Why Does Arthritis Hurt When It Rains?
Arthritis is a common ailment effecting more than 50 million adults, and is the leading cause of disability in America. There are different types of arthritis like osteoarthritis or rheumatoid arthritis, but essentially arthritis represents joint pain and joint inflammation. Symptoms of arthritis include swelling, pain, stiffness and decreased range of motion, and will come and go. The progression of symptoms is what begins to make daily activities like climbing stairs more difficult, and may eventually lead to permanent joint changes. But why does the weather affect arthritis and joint pain?
Why do Joints Hurt When It Rains?
Many people will say they can feel a rainstorm coming, or they feel it in their bones, but what kind of effect does rain actually have on the joints pain? There are changes in the air before a rainstorm hits, and that change is a drop in air pressure. The pressure drop might cause tissue that is already inflamed, like that in an arthritic joint, to expand and cause pain to flare up. Though this won’t progress the arthritis further and make it worse, it will cause the pain to come and go.
Barometric Pressure and Pain
Weather affecting joints seems to be evidenced by people’s testimonials, but through the many studies scientists have done it’s not an exact science on why weather causes pain flare ups exactly. Your body may be sensing the changes in barometric pressure and the nerves within joints respond to the pressure, or in rainy weather people don’t move around outside as much as usual and the joints become stiff and sore.
What Kind of Weather Effects Joints?
Air pressure is one aspect of weather, but there’s also humidity, precipitation and temperature that factors in when it comes to joint pain. Some people report pain when it’s cold, or humid. The problem is people experience pain in weather uniquely, as some people feel more pain with every 10 degree drop in temperature and pressure, and some people’s pain gets worse with higher pressure and humidity. There’s no conclusive proof of what type of weather causes pain for who, but the fact is people feel pain during certain types of weather patterns and they need pain relief.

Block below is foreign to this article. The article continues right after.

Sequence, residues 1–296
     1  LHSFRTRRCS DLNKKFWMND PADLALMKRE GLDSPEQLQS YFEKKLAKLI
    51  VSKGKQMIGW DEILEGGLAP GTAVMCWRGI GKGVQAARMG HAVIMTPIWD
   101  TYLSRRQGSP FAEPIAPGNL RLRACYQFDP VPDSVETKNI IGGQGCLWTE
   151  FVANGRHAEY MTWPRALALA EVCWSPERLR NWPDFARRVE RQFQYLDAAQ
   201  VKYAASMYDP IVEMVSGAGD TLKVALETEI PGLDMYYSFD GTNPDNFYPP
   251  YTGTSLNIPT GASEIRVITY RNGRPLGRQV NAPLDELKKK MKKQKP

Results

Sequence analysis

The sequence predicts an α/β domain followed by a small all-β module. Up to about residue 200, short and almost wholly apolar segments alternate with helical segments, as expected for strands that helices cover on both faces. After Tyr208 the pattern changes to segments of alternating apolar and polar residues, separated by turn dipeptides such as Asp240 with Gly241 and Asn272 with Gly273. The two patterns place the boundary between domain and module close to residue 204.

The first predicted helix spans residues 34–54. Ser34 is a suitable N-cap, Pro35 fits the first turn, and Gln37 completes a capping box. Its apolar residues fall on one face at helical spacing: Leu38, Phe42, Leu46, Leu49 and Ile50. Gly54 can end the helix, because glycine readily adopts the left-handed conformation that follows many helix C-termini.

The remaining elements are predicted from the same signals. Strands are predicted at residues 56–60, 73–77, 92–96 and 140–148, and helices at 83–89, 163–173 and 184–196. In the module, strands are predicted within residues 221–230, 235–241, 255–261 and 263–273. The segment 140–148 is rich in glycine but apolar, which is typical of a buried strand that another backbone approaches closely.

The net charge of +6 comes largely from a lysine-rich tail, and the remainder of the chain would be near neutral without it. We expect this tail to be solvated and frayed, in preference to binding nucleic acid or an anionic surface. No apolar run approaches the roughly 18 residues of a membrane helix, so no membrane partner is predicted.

Bones Ache in Cold Weather
Cold weather might affect joints because the fluid that lubricates joints might start slowing and stiffening, causing more pain during movement. The best way to combat any cold related joint pain is keeping warm and exercise with low impact routines like swimming or yoga. Stretching is also another way to try and warm up the muscles, as well as staying hydrated. You can also talk to your doctor about anti-inflammatory medications or some kind of anti-inflammatory joint injection.
Treating Arthritis and Arthritic Flare Ups
You can apply heat or cold packs to the flare up area to provide local relief and ease immediate pain. Your doctor may put you on an exercise regiment that will improve strength and range of motion as well. Nutrition and good sleep are essential parts of comprehensive health, so of course they will have an impact on arthritis flare ups. A healthy weight will also put less pressure on your joint as you move around, and have a positive benefit to arthritic pain.